Florence Travel Guide
A flower shop on a side street in San Niccolo (the artisan's quarter of the Oltrarno), La Rosa Canina ("the dog rose") is run by a brother-sister team who bring a background in advertising and art history to the business.
East meets West in the person of Kurdish-European doctor Zelal Elbistan at his chic city spa. Drop by after a hard day’s sightseeing for a Turkish bath and a soak in the turquoise pool.
Scrambling up between the layers of the cathedral’s noble, white-ribbed orange dome for the requisite city panorama, you get to glimpse up close some of the innovative engineering techniques that genius architect Brunelleschi used to create what was, in 1436, the largest dome in
Recent renovations at this sprawling Renaissance-Mannerist palazzo have opened up archives, grottoes, and sights that had been closed years.
The chapel contains The Expulsion of Adam and Eve, Masaccio's early Renaissance masterpiece.
This lively, sprawling street market is an obligatory stop for anyone in search of cheap and cheerful fashion accessories and gifts.
Located in the city's Diladdarno art district, the photography and video gallery, showcases cutting-edge talent such as Israeli street-art photographer David Kassman and Italy's Massimo Listri.
With his obsessive dedication and talent, Salvatore Ferragamo (1898¬–1960) was the Mozart of handmade shoes.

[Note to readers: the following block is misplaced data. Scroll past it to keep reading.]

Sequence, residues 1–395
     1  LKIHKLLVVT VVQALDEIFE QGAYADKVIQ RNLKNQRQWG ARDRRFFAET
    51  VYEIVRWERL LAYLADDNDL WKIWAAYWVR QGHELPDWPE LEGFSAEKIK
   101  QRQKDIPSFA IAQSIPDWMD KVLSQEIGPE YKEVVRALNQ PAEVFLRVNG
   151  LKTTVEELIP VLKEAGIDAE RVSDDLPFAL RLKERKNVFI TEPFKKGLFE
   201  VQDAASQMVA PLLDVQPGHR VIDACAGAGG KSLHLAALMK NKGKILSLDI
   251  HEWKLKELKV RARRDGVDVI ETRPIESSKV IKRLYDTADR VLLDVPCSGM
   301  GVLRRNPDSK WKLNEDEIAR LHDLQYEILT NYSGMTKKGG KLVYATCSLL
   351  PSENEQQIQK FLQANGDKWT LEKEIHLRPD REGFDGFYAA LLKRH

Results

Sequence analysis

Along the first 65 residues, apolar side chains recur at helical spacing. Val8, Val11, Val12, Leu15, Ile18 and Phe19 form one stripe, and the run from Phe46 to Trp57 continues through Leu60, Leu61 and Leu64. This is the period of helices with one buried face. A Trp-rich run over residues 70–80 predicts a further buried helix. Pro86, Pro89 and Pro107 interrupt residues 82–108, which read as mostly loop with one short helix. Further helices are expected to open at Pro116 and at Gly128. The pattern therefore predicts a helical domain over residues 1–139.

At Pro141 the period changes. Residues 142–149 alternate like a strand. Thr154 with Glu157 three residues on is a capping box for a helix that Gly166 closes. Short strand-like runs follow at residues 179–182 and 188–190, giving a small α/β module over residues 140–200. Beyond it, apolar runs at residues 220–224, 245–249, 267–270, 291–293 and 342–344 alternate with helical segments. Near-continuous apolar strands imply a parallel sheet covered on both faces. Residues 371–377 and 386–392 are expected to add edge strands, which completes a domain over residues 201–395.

Along with Loretta Caponi, this antique pharmacy—in a frescoed side-chapel of the Santa Maria Novella church—is one of the most gorgeous shops in
The walls of this evocatively dim and echoing Franciscan church are lined by the tombs of some of Tuscany's greatest luminaries: artist Michelangelo, scientist Galileo, composer Rossini, political philosopher Machiavelli, sculptor Ghiberti, and many others.
View the church's frescoes by Perugino, Andrea del Sarto, and Jacopo da Pantormo.
American Carole Biagiotti represents the likes of Italian street painter Ericailcane—known for his whimsical fauna-themed paintings and drawings.
A fantastic art-supply store that carries thick drawing paper, paintbrushes, and oils.
Reserve a tour of a privately owned palazzo through well-connected cultural association Città Nascosta, and you may get to meet the owner and try out the family wines.
There’s always a long line outside Florence’s Academy of Fine Arts, everyone waiting to see arguably the world’s most famous sculpture: Michelangelo’s David (1501–04).